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Lares Research Highlights Top 5 Penetration Test Findings from 2022

January 2023 by Lares

Lares released new research highlighting the five most common penetration testing findings encountered by the firm’s consultants over hundreds of client engagements in 2022.

Lares typically finds numerous vulnerabilities and attack vectors when conducting penetration tests or red team engagements for clients, regardless of the organization’s size or maturity. However, the research team at Lares was surprised by how many times the same five findings kept turning up during their penetration tests and red team engagements in early 2022.

"As we wrapped up 2022, our surprise gave way to expectation, and we found ourselves genuinely surprised if one, or all, of the top five issues were not found on any given engagement," said Andrew Hay, Chief Operating Officer of Lares. "Every single vulnerability described in our latest research paper can be avoided or eliminated through better cybersecurity hygiene practices."

The Lares research team emphasized that these Top 5 findings were not the most severe threats for clients, but rather, the ones they most frequently encountered during engagements over the past year. Key takeaways describing each category include:

Brute Forcing Accounts with Weak and Guessable Passwords: Organizations that have not implemented multifactor authentication (MFA) should be aware that adversaries may target accounts where users have selected weak or guessable passwords to gain access to systems, services, and network resources. If authentication failures are high, there may be a brute-force attempt to gain access to a system using legitimate credentials.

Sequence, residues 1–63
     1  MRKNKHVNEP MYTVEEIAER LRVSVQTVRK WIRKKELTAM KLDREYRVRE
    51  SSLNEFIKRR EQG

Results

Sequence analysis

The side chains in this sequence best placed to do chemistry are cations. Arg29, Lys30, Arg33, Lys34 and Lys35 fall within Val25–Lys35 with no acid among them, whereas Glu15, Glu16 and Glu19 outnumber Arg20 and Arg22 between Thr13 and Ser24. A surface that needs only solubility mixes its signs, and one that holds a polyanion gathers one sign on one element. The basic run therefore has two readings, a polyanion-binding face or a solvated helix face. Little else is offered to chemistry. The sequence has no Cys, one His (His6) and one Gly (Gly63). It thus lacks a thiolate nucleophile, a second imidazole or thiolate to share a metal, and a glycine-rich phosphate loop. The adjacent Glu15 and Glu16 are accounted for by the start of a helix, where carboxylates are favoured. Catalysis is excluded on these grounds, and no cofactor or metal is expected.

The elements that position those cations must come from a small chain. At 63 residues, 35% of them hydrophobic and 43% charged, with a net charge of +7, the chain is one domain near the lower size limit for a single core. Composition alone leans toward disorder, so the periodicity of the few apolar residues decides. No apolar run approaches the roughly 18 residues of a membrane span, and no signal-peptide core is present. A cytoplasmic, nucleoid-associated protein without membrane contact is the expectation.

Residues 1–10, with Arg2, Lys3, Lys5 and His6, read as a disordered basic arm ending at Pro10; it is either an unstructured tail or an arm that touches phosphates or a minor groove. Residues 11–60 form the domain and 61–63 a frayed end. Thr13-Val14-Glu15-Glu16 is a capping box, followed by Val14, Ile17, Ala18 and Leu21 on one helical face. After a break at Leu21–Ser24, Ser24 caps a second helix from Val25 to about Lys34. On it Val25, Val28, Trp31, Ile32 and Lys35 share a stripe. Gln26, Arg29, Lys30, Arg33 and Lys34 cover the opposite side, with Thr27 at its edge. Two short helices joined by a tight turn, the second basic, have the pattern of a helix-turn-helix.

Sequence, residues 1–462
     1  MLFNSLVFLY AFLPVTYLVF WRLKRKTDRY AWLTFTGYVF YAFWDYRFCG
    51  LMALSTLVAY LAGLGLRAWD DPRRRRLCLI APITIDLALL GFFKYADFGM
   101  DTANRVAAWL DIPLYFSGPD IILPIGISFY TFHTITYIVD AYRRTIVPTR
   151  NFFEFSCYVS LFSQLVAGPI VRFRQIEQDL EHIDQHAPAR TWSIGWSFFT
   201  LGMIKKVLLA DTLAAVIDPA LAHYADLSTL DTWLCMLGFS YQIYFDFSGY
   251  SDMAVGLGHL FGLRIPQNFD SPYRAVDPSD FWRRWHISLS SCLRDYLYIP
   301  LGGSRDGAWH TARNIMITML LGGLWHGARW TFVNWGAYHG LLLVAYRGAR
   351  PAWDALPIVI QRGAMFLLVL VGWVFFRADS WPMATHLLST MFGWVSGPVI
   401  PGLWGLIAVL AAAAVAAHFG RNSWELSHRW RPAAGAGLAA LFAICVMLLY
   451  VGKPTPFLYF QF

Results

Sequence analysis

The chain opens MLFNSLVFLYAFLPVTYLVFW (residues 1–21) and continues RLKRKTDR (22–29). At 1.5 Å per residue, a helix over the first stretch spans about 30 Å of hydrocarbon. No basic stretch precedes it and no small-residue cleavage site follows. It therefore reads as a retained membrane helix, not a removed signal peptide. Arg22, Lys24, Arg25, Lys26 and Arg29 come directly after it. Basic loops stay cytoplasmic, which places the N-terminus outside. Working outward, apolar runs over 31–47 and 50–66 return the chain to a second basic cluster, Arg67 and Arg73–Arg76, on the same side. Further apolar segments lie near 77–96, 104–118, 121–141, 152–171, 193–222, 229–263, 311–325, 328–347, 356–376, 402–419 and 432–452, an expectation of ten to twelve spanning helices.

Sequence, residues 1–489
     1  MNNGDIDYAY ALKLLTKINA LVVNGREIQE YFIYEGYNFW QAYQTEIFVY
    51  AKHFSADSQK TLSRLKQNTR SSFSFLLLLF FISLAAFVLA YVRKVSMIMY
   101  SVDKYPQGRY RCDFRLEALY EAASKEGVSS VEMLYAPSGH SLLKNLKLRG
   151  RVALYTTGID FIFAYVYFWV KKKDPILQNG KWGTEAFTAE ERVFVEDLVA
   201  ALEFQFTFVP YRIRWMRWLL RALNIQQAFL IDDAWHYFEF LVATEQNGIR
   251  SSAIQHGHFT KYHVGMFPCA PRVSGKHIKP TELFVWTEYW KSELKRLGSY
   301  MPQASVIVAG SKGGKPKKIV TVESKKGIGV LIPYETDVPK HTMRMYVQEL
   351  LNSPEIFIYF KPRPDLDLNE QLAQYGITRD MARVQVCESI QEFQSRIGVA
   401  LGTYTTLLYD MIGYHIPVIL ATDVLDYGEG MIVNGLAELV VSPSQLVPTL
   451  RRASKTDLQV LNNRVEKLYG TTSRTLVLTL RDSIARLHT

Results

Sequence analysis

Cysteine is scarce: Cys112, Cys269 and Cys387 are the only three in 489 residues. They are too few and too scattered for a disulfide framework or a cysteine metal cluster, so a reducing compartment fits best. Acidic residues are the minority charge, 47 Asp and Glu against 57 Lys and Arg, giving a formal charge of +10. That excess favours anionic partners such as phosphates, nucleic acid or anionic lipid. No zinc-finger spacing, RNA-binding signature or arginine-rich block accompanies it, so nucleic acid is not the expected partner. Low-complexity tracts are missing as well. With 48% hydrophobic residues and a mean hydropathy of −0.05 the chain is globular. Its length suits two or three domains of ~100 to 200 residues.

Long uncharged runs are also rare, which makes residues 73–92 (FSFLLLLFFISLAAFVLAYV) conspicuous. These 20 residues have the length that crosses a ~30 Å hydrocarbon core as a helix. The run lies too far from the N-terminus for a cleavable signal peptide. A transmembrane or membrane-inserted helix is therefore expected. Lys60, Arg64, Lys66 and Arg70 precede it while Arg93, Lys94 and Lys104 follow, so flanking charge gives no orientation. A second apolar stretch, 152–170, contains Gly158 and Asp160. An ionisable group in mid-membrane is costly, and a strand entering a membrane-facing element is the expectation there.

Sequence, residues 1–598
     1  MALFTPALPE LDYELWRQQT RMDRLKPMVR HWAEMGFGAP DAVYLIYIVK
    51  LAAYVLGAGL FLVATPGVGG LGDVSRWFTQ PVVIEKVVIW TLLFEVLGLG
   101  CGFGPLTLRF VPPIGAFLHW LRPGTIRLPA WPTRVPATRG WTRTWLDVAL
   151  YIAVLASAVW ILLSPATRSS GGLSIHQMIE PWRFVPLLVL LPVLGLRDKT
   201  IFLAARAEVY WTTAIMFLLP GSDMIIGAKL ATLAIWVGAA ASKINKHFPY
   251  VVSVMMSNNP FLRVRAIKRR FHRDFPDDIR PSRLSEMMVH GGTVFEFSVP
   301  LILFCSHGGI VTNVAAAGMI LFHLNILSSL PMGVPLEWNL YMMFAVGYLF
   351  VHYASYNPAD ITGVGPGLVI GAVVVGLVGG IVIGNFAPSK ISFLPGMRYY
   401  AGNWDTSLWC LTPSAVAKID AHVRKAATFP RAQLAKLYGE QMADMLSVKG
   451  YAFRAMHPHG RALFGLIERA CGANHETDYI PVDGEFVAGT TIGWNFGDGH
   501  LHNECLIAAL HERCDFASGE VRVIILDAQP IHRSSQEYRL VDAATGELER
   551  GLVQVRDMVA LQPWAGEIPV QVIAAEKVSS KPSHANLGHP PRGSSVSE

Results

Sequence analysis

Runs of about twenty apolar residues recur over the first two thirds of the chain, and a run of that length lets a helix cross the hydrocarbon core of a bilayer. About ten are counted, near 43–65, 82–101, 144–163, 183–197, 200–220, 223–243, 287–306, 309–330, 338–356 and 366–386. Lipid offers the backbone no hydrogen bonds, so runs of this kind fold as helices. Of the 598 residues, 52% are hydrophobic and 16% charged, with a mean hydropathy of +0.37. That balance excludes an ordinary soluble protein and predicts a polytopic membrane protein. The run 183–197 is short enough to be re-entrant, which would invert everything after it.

Kerberoasting: Kerberos Service Principal Names (SPNs) uniquely identify each instance of a Windows service configured to accept Kerberos Tickets for authentication. Adversaries possessing a valid Kerberos Ticket-Granting Ticket (TGT) may request one or more Kerberos Ticket-Granting Server (TGS) Service Tickets for any service with an SPN configured from a Key Distribution Server – typically the Domain Controller (DC) in Windows Active Directory. This Service Ticket is then brute-forced offline to recover the plain-text credentials of the account.

Excessive File System Permissions: Improperly set permissions on the binary or directory in which it resides may allow attackers to replace the legitimate binary with a file of their choosing. Adversaries may use this technique to replace legitimate pre-existing binaries or dynamic-link libraries (DLLs) with malicious ones to execute subversive or potentially disruptive code with a much higher permission level than their current user permissions.

WannaCry/EternalBlue: Remote code execution vulnerabilities exist in the Microsoft Server Message Block 1.0 (SMBv1) server that handles certain requests. An attacker who successfully exploits the vulnerabilities could gain the ability to execute code on the target server. The EternalBlue and EternalRomance exploits were leaked by "The Shadow Brokers" group in 2017. The EternalBlue exploit was also leveraged by WannaCry ransomware to compromise Windows machines, load malware, and propagate to other machines in a network.

WMI (Windows Management Instrumentation) Lateral Movement: Lateral movement is a critical phase in any attack targeting more than a single computer. It is not a vulnerability, but a technique employed by attackers to interact with or gain access to a system other than the current system upon which they are operating. The WMI allows for a structured approach to communicating with a remote computer and exposes system monitoring and configuration capabilities to a remote machine. An adversary can use this native functionality to execute malicious code, modify system settings such as adding a user or password or disabling security tools before performing other activities.

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